Amelia Stein: Solomon’s Children
December 1991 –
Solomon’s children is a series of images of Ethiopian Jews taken only days after 14,500 were airlifted from Addis Ababa to Israel in June 91′.Stein visited “absorption centers” in Israel shortly after their arrival. She was there to capture portraits of a simple, wilderness people about to be immersed into 20th century culture.
It seemed appropriate to attempt to capture the essence of these time travellers before they became exposed to all the visual influences of finding themselves in the middle of T.V., advertisements, newspapers and the media and before they developed a perception of themselves that would respond to being photographed.
She found gracious, calm and gentle people, with nothing other than the clothes they were wearing and their own individual beauty and composure.
This project proved difficult , both practically and morally. Getting access to the absorption centers was carefully controlled as the authorities were wary of reporters and photographers. Stein was not there to take reportage pictures. “I would head off for the absorption centre with my passes and get in or not get in. If I got in I tried to avoid the communal areas, where all the children were being given lessons or playing games, because that was where the journalists tended to congregate”. Instead, she walked the corridors and met people. Doing that day after day allowed people to get to know her. She made friends with a young woman, a nurse and midwife who spoke English. She has spoken about how friendly everyone was, how they would ” want to stop, bow, shake hands, smile, talk to you.”
She has said in regards to the above photo that she “wanted to put across the idea of one culture being carried by another”.
The Exhibition at the Gallery of Photography consisted of 23 images, 25.3 X 25.3 cm .
hand printed by the artist on Kodak Ektalure , a cream /off white paper base with warm black tones.
The exhibition is now part of the Permanent Collection of the Limerick City Gallery of Art.
Exhibited 17 July – 28 Aug 2015 , “Photography from the Permanent Collection of LCGA “, at the gallery in Limerick .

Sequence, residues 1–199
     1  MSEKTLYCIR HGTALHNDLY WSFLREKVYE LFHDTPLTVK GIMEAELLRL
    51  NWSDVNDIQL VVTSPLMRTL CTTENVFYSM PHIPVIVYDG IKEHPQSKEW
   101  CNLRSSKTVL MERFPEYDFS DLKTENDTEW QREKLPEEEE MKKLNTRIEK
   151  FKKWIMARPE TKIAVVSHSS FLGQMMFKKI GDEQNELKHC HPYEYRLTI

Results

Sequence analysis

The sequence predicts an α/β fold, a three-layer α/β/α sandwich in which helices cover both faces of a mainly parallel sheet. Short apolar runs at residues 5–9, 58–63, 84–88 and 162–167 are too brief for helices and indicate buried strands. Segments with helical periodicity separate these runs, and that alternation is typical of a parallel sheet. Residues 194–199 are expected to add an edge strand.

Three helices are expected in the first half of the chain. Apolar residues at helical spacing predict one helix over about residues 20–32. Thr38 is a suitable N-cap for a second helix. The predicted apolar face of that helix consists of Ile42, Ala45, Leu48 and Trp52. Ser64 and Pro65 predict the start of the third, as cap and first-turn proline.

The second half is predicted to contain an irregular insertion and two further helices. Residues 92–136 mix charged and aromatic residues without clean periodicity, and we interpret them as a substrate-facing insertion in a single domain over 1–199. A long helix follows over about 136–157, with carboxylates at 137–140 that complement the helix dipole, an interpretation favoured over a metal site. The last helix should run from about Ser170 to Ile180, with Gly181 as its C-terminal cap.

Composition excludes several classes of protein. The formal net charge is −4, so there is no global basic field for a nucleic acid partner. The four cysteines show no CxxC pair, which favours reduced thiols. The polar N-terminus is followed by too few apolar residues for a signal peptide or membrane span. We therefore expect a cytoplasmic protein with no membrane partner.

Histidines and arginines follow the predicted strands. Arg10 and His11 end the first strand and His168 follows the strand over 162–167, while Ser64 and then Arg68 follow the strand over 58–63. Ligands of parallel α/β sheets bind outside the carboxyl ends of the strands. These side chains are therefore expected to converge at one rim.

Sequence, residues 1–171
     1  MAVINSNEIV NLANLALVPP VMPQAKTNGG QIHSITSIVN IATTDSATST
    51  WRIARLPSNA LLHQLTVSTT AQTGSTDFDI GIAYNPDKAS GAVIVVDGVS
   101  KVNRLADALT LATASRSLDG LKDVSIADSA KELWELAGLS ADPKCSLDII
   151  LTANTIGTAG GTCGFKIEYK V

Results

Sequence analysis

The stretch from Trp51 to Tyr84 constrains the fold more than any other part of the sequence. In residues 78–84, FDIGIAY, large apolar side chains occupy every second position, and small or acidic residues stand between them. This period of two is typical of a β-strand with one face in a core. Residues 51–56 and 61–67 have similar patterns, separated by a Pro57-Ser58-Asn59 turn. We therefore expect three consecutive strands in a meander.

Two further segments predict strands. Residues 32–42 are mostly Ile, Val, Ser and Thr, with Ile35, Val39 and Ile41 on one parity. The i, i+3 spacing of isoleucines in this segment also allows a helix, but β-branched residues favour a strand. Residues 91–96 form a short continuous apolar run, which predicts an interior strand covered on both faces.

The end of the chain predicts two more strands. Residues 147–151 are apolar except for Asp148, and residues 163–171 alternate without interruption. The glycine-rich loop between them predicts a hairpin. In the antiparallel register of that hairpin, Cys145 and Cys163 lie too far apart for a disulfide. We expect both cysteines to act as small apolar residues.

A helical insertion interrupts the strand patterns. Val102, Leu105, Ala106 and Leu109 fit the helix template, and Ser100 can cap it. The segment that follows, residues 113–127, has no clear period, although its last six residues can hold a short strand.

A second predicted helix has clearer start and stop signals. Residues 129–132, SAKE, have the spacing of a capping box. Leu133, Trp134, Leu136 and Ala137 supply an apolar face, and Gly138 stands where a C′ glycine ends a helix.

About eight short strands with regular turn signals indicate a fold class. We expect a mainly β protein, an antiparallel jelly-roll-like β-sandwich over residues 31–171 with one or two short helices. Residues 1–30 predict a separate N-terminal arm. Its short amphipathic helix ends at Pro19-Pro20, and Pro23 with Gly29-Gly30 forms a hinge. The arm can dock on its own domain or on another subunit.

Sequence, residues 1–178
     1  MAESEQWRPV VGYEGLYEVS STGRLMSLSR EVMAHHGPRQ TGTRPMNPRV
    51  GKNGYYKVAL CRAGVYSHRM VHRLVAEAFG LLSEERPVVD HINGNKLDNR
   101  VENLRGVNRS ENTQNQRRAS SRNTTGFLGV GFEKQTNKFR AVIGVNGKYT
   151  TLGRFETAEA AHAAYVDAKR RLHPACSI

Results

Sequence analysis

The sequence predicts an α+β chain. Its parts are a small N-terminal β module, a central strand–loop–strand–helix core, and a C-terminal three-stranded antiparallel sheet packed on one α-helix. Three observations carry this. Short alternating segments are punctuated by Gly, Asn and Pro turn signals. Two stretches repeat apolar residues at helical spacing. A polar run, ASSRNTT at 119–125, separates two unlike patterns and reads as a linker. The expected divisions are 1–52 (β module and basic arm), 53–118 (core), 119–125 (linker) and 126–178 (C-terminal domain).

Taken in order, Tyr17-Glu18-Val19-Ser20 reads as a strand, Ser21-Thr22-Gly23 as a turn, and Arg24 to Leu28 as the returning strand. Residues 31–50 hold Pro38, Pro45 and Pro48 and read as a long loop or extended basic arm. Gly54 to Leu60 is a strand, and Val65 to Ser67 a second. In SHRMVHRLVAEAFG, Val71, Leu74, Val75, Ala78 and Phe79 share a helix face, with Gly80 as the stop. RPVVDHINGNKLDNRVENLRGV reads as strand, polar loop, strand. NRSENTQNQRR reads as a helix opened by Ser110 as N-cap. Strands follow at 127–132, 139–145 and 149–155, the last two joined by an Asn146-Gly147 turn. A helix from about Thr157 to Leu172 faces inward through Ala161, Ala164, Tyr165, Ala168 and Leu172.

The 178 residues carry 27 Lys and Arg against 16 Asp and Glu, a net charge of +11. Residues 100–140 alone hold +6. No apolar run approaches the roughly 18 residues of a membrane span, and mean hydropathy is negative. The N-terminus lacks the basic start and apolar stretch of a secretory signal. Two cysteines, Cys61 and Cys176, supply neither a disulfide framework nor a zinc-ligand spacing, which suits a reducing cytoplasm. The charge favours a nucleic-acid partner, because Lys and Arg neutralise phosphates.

Four of the images are now in the Irish Museum of Modern Art, IMMA, Dublin
Part of the David Kronn Collection, shown in the Exhibition “Out of A Dark Room “, 2011, included in the catalogue
Archival Pigment prints ,Hahnemühle Bamboo 290 grm paper, 26.7 X26.7 cm.
About the artist: Amelia Stein, lives and works in Dublin, Ireland, where she was born in 1958, establishing herself over 30 years as a singularly exacting photographer whose work is characterized by meticulous attention to detail in tandem with the attributes of fine black and white photographic printing. As a performing arts photographer, Stein has worked in Theatre and Opera in Ireland 1979-2000. Her signature black and white photography featured widely in the Music industry. She was elected a member of the RHA in 2004, Aosdána in 2006.
Absence and the passage of time is a recurring theme is Stein’s work:
“Loss and Memory” 2002, Dedicated to the passing of her Parents, where dark and intimate still lives of small personal belongings and household items represent the loss of Family .
“The Palm House” 2002, Showing the timeworn fabric of the Great Palm house at the National Botanical Gardens, Dublin prior to its restoration .
RHA Portraits 2009 Publication, a moment in time of the Evolution of the Royal Hibernian Academy Membership , a documentation of the 50 Studios, the chairs upon which each artist performs the act of contemplation during their individual work practice, their tools and the hand of the artist .
“The BIg Sky” 2012, Absence and Migration. The vernacular buildings, abandoned houses and sheds in the rural landscape as still life objects in the vast wide open north Mayo landscape.
“Erris” 2015, Comprises of two distinct bodies of work, taken in the Wild Atlantic location of the Barony of Erris, . Wild and bleak, this landscape has challenged and shaped its inhabitants over the Millennia.
“Precipice” 2015, Just a breath of a footstep to close to the edge, between the mesmeric and pure fear at the cliff edge, the recording and interpretation of the named landscape features. Dún Chaoicháin, County Mayo.